The No-Go Zone: As we mentioned previously, this is a 90-degree area that is too close to the wind to allow you to sail. You could sail on either side of this zone by learning how to tack your boat properly. Sailing directly into the wind puts you in the No-Go Zone. There will be no air in your sails and all movement stops. Good sailing skills can get your out of the No-Go Zone.
Upwind Sailing: This includes two points of sail called close reaching and close-hauled. This is when you sail towards the path of the wind. Close-hauled is as close to the wind as you can get, just off the No-Go Zone. Your sails will have to be trimmed tightly for this to work. This is a difficult point-of-sail to master. If you overcompensate slightly, you will veer into the No-Go Zone again.
Downwind Sailing: Just like upwind sailing, this includes two points of sail. They are broad-reaching and running. Broad reaching is when you are not directly downwind but at a broad angle off of the wind. Your sails will be let out slightly. Running is when you are sailing directly downwind. Your sails will be let out to either side of the boat. This can be difficult to master because judging the strength of the wind in your sails is not always easy. You need a good feel for the wind and soil skills to do this.
Beam Reaching: This is the final point of sail, and it is when you are sailing across the wind. The wind can be coming from either the port tack or the starboard tack. This is considered the fastest point of sail. It is the easiest to master when you learn how to sail. This is the best method to keep wind in your sails.
Meeting Other Sailboats in the Water
Understanding what tack you’re on is important for how you relate to other boats when you learn how to sail. On the road, it’s easier to know which car has the right of way. In the water, you have to keep some other things in mind. You need to figure out which boat is the give-way vessel, and which is the stand-on vessel. The give-way vessel must yield the right-of-way to the stand-on vessel. But how do you know which is which?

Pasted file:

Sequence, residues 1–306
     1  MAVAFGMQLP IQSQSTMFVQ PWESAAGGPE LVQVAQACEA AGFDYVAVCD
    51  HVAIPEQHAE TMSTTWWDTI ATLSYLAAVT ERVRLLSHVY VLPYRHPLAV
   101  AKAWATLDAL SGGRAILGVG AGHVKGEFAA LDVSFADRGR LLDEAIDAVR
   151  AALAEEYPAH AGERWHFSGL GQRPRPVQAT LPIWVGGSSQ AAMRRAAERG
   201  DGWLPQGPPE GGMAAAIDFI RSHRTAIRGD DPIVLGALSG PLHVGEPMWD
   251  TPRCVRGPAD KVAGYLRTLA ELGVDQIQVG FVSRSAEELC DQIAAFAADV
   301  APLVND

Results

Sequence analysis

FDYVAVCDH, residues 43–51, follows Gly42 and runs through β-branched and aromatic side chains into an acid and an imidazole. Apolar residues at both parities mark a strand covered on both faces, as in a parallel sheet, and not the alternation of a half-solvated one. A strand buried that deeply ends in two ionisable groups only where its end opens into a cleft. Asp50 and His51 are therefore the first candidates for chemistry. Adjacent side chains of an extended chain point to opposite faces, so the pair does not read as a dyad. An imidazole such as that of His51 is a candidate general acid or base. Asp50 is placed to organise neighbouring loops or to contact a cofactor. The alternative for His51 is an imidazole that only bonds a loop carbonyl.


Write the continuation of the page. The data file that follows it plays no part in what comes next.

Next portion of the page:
If you and the other boats are on opposite tacks, the boat on the port tack will give way to the boat on the starboard tack.
If both boats are on the same tack, the windward boat should avoid the leeward one. That means the boat that is farthest from where the wind is blowing has the right of way.
Are All Boats Treated the Same?
If you were in a liveaboard sailboat and the other vessel is a speed boat, then you should have the right of way. Keep in mind safety is the order of the day here. Using common sense always wins out over trying to strictly adhere to rules. If you have to give way to a boat that doesn’t have the right of way to avoid a collision, you should do so. Trust your eye over a rule book.
Three Basic Rules to Be a Successful Sailor
Rule 1: When handling halyards, make sure that:
- both ends of the halyard are in your hands
- one end is securely attached and the other is in your hand
- both ends are securely attached to something
Why you ask? So one end of the halyard doesn’t fly to the top of the mast causing the skipper to ask you to do the same and bring it back down.
Rule 2: When working with winch handles, make sure that:
- the handle is in your hand
- the handle is in the winch and in your hand
- the handle is stowed in its proper safe location
Why you ask? A winch handle left unattended in a winch or on deck can suddenly be lurched overboard by a sudden wave or a slip of the foot. Speaking of lurching overboard, it is usually the skipper’s command to the one committing the violation as he explains that those cost $75.00 as you hit the water.
Rule 3: When sailing on a beautiful day, make sure that:
- you don’t try to sail where the birds are standing
- you don’t try to sail where the birds are standing
- you don’t try to sail where the birds are standing
Why, you ask? Guess!
Things to Remember
Sailing can be a lot of fun. It’s a great to relax, and bond with friends and family. But doing it safely and responsibly is of the utmost importance. You need to understand the correct terms and what to do when something goes wrong. There is a lot of stuff to know, but don’t feel discouraged. Becoming a sailor is by no means impossible. You can learn how to sail by approaching it in a smart way from the beginning.